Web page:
Let me explain why this is so alarming, concerning and so important to cyber security, and why at many organizations (e.g. U.S. Govt., Paramount Defenses etc.), this could've either possibly resulted in, or in itself, be considered a cyber security breach.
Disclaimer: I'm not making any value judgment about Lenovo ; I'm merely basing this on what's already been said.
As you know, Microsoft's been brazenly leaving billions of people and thousands of organizations worldwide with no real choice but to upgrade to their latest operating system, Windows 10, which albeit is far from perfect, is much better than Windows Vista, Windows 8 etc., even though Windows 10's default settings could be considered an egregious affront to Privacy.
Consequently, at Paramount Defenses, we too felt that perhaps it was time to consider moving on to Windows 10, so we too figured we'd refresh our workforce's PCs. Now, of the major choices available from amongst several reputable PC vendors out there, Microsoft's Surface was one of the top trustworthy contenders, considering that the entirety of the hardware and software was from the same vendor (, and one that was decently trustworthy (considering that most of the world is running their operating system,)) and that there seemed to be no* pre-installed drivers or software that may have been written in China, Russia etc.
Side-note: Based on information available in the public domain, in all likelihood, software written in / maintained from within Russia, may still likely be running as System on Domain Controllers within the U.S. Government.
So we decided to consider evaluating Microsoft Surface devices and thus purchased a couple of brand-new Microsoft Surface devices from our local Microsoft Store for an initial PoC, and I decided to personally test-drive one of them -
The very first thing we did after unsealing them, walking through the initial setup and locking down Windows 10's unacceptable default privacy settings, was to connect it to the Internet over a secure channel, and perform a Windows Update.
I should mention that there was no other device attached to this Microsoft Surface, except for a Microsoft Signature Type Cover, and in particular there were no mice of any kind, attached to this new Microsoft surface device, whether via USB or Bluetooth.
Now, you're not going to believe what happened within minutes of having clicked the Check for Updatesbutton!
Windows Update Downloaded and Installed anUntrusted Self-Signed Lenovo Device Driver on Microsoft Surface! -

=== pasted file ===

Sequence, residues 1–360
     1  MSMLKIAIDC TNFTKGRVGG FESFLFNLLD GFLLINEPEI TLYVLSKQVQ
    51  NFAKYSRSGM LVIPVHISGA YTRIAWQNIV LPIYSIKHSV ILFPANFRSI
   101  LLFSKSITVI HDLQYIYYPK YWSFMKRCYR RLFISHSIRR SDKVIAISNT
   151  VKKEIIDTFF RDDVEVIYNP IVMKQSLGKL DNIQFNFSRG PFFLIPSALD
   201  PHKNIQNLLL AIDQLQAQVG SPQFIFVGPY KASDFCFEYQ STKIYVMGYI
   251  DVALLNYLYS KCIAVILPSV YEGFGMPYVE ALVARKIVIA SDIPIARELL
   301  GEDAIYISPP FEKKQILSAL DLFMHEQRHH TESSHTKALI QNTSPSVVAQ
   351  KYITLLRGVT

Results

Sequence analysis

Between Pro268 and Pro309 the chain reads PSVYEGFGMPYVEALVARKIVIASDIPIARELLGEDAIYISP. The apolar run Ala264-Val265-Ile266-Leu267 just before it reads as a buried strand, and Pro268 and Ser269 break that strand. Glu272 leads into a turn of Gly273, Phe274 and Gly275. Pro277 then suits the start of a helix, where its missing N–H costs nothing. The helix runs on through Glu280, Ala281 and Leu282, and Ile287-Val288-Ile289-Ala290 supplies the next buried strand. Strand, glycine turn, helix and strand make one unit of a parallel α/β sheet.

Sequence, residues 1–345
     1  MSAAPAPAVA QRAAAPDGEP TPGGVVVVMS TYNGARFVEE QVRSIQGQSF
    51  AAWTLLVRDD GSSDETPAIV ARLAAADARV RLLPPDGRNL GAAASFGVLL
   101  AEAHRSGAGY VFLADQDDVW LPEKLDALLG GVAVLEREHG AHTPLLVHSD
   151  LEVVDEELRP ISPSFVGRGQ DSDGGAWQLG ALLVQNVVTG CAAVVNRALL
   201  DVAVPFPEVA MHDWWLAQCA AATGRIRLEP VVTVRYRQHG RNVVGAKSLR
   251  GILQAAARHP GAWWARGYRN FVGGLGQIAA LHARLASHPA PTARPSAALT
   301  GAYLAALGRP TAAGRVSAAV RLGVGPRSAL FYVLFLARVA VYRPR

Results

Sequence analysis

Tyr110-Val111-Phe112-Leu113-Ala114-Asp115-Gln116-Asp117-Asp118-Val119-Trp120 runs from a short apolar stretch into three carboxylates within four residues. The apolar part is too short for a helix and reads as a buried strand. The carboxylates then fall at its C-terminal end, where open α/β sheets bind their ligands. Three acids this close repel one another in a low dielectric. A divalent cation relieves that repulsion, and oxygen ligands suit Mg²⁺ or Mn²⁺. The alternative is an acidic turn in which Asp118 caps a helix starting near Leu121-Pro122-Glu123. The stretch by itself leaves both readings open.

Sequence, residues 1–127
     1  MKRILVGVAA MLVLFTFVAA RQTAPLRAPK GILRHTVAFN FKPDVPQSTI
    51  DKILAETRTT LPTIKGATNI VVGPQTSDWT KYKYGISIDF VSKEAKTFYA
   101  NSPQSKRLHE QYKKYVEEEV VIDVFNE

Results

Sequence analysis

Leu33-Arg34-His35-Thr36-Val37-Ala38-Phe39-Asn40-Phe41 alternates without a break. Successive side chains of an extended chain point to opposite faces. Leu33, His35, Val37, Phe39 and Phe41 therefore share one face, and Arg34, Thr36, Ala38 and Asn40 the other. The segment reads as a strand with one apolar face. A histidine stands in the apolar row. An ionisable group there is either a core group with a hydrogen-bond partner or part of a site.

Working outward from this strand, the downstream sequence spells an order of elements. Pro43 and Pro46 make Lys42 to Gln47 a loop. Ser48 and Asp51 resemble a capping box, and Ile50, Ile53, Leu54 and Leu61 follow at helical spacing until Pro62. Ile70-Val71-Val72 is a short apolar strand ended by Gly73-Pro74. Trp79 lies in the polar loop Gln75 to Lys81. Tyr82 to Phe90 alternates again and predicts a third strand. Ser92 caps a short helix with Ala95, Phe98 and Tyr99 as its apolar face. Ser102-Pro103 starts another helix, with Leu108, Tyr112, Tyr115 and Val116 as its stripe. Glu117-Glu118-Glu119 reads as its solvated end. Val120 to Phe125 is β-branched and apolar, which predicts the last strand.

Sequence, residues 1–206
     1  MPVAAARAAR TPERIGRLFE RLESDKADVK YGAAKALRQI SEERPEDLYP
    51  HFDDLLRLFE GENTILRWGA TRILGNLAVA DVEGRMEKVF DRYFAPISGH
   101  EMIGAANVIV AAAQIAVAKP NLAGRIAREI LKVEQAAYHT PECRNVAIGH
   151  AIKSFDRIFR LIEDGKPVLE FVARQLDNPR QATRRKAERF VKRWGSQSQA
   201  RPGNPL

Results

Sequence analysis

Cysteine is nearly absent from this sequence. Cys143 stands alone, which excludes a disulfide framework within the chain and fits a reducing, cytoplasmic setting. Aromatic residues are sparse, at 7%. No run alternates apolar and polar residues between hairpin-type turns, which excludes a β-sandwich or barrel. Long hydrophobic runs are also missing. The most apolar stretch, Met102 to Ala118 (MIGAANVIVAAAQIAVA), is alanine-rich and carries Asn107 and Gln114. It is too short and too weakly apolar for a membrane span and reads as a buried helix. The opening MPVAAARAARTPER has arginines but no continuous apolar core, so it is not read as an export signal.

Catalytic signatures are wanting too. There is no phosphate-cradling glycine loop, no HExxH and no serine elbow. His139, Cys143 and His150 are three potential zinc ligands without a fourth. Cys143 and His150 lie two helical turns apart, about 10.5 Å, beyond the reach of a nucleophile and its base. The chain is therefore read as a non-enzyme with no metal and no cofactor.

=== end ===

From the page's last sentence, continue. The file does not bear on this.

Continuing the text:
Within minutes, Windows Update automatically downloaded and had installed, amongst other packages (notably Surface Firmware,) an untrusted self-signed Kernel-mode device-driver, purportedly Lenovo - Keyboard, Other hardware - Lenovo Optical Mouse (HID), on this brand-new Microsoft Surface device, i.e. one signed with an untrusted WDK Test Certificate!
Here's a snapshot of Windows Update indicating that it had successfully downloaded and installed a Lenovo driver on this Surface device, and it specifically states "Lenovo - Keyboard, Other hardware - Lenovo Optical Mouse (HID)" -
We couldn't quite believe this. How could this be possible? i.e. how could a Lenovo driver have been installed on a Microsoft Surface device?
So we checked the Windows Update Log, and sure enough, as seen in the snapshot below, the Windows Update Log too confirmed that Windows Update had just downloaded and installed a Lenovo driver -
We wondered if there might have been any Lenovo hardware components installed on the Surface so we checked the Device Manager, and we could not find a single device that seemed to indicate the presence of any Lenovo hardware. (Later, we even took it back to the Microsoft Store, and their skilled tech personnel confirmed the same finding i.e. no Lenovo hardware on it.)
Specifically, as you can see below, we again checked the Device Manager, this time to see if it might indicate the presence of any Lenovo HID, such as a Lenovo Optical Mouse, and as you can see in the snapshot below, the only two Mice and other pointing devices installed on the system were from Microsoft - i.e. no Lenovo mouse presence indicated by Device Manager -
Next, we performed a keyword search of the Registry, and came across a suspicious Driver Package, as seen below -
It seemed suspicious to us because as can be seen in the snapshot above, all of the other legitimate driver package keys in the Registry had (as they should) three child sub-keys i.e. Configurations, Descriptors and Strings, but this specific one only had one subkey titled Properties, and when we tried to open it, we received an Access Denied message!